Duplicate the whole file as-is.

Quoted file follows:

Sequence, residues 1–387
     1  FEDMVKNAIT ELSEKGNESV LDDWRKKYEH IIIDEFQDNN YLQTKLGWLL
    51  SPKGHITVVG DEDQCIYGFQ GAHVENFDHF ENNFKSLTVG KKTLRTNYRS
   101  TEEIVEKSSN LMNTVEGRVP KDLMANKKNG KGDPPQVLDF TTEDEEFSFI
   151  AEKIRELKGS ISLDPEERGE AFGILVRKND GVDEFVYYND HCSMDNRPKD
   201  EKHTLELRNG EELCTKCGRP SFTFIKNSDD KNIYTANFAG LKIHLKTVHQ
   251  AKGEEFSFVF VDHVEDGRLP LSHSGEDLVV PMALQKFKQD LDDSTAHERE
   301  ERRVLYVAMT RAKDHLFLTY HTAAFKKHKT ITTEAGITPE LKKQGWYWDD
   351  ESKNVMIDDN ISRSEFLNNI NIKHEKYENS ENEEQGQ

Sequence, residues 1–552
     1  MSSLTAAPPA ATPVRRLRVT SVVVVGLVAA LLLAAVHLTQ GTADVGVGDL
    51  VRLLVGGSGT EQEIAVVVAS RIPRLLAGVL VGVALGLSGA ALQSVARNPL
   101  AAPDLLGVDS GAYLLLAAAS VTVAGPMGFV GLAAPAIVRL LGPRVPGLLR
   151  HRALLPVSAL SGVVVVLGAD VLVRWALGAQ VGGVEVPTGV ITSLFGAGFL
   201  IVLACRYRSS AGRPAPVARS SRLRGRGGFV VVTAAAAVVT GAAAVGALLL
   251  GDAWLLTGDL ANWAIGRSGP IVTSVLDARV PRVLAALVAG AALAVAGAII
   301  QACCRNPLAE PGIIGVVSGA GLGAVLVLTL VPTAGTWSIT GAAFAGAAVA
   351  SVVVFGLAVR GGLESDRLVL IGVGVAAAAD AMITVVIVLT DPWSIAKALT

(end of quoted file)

Sequence, residues 1–387
     1  FEDMVKNAIT ELSEKGNESV LDDWRKKYEH IIIDEFQDNN YLQTKLGWLL
    51  SPKGHITVVG DEDQCIYGFQ GAHVENFDHF ENNFKSLTVG KKTLRTNYRS
   101  TEEIVEKSSN LMNTVEGRVP KDLMANKKNG KGDPPQVLDF TTEDEEFSFI
   151  AEKIRELKGS ISLDPEERGE AFGILVRKND GVDEFVYYND HCSMDNRPKD
   201  EKHTLELRNG EELCTKCGRP SFTFIKNSDD KNIYTANFAG LKIHLKTVHQ
   251  AKGEEFSFVF VDHVEDGRLP LSHSGEDLVV PMALQKFKQD LDDSTAHERE
   301  ERRVLYVAMT RAKDHLFLTY HTAAFKKHKT ITTEAGITPE LKKQGWYWDD
   351  ESKNVMIDDN ISRSEFLNNI NIKHEKYENS ENEEQGQ

Sequence, residues 1–552
     1  MSSLTAAPPA ATPVRRLRVT SVVVVGLVAA LLLAAVHLTQ GTADVGVGDL
    51  VRLLVGGSGT EQEIAVVVAS RIPRLLAGVL VGVALGLSGA ALQSVARNPL
   101  AAPDLLGVDS GAYLLLAAAS VTVAGPMGFV GLAAPAIVRL LGPRVPGLLR
   151  HRALLPVSAL SGVVVVLGAD VLVRWALGAQ VGGVEVPTGV ITSLFGAGFL
   201  IVLACRYRSS AGRPAPVARS SRLRGRGGFV VVTAAAAVVT GAAAVGALLL
   251  GDAWLLTGDL ANWAIGRSGP IVTSVLDARV PRVLAALVAG AALAVAGAII
   301  QACCRNPLAE PGIIGVVSGA GLGAVLVLTL VPTAGTWSIT GAAFAGAAVA
   351  SVVVFGLAVR GGLESDRLVL IGVGVAAAAD AMITVVIVLT DPWSIAKALT